Corrected right ventricular end-diastolic volume and initial distribution volume of glucose correlate with cardiac output after cardiac surgery
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Appropriate adjustment of cardiac preload is essential to maintain cardiac output (CO), especially in patients after cardiac surgery. This study was intended to determine whether index of right ventricular end-diastolic volume (RVEDVI), corrected RVEDVI using ejection fraction (cRVEDVI), index of initial distribution volume of glucose (IDVGI), or cardiac filling pressures are correlated with cardiac index (CI) following cardiac surgery in the presence or absence of arrhythmias.
Eighty-six consecutive cardiac surgical patients were studied. Patients were divided into two groups: the non-arrhythmia (NA) group (n = 72) and the arrhythmia (A) group (n = 14). Three sets of measurements were performed: on admission to the ICU and daily on the first 2 postoperative days. The relationship between each cardiac preload variable and cardiac index (CI) was evaluated. A p value less than 0.05 indicated statistically significant differences.
Each studied variable was not different between the two groups immediately after admission to the ICU. cRVEDVI had a linear correlation with CI in both group (NA group: r = 0.67, n = 216, p < 0.001; A group: r = 0.77, n = 42, p < 0.001), but RVEDVI had a poor correlation with CI (NA group: r = 0.27, n = 216, p < 0.001; A group: r = 0.19, n = 42, p = 0.036). IDVGI had a linear correlation with CI (NA group: r = 0.49, n = 216, p < 0.001; A group: r = 0.61, n = 42, p < 0.001), Cardiac filling pressures had no correlation with CI.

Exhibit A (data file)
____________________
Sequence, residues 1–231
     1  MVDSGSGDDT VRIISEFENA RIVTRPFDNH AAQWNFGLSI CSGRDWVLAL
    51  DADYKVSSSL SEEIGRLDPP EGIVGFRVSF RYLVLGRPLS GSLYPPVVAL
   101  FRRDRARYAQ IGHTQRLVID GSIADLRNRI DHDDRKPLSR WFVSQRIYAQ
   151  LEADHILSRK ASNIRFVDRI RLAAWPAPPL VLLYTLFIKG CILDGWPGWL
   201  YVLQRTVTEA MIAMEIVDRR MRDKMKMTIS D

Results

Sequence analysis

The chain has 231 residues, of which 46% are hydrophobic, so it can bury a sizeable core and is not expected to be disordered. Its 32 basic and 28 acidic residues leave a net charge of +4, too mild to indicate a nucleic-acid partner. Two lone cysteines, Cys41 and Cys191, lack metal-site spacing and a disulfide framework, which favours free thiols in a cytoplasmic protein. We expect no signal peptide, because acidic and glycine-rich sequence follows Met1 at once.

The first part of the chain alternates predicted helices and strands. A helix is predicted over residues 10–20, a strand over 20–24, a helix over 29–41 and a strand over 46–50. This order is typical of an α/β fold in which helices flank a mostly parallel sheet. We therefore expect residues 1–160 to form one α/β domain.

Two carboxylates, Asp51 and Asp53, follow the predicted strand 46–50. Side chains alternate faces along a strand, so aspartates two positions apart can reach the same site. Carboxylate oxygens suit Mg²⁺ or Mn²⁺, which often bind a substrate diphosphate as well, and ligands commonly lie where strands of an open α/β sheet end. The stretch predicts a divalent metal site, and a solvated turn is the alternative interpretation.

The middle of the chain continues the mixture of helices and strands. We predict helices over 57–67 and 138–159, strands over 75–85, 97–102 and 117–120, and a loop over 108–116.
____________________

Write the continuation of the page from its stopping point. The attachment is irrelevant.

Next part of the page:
Our results demonstrated that cRVEDVI and IDVGI were correlated with CI in the presence or absence of arrhythmias. cRVEDVI and IDVGI have potential as indirect cardiac preload markers following cardiac surgery.
KeywordsCardiac surgery Cardiac preload Cardiac output
The authors are grateful to Professor Paul Hollister (Medical English Center, Hirosaki University Graduate School of Medicine, Hirosaki, Japan) for his useful suggestions.
Conflict of interest
The author(s) declare that they have no competing interests.
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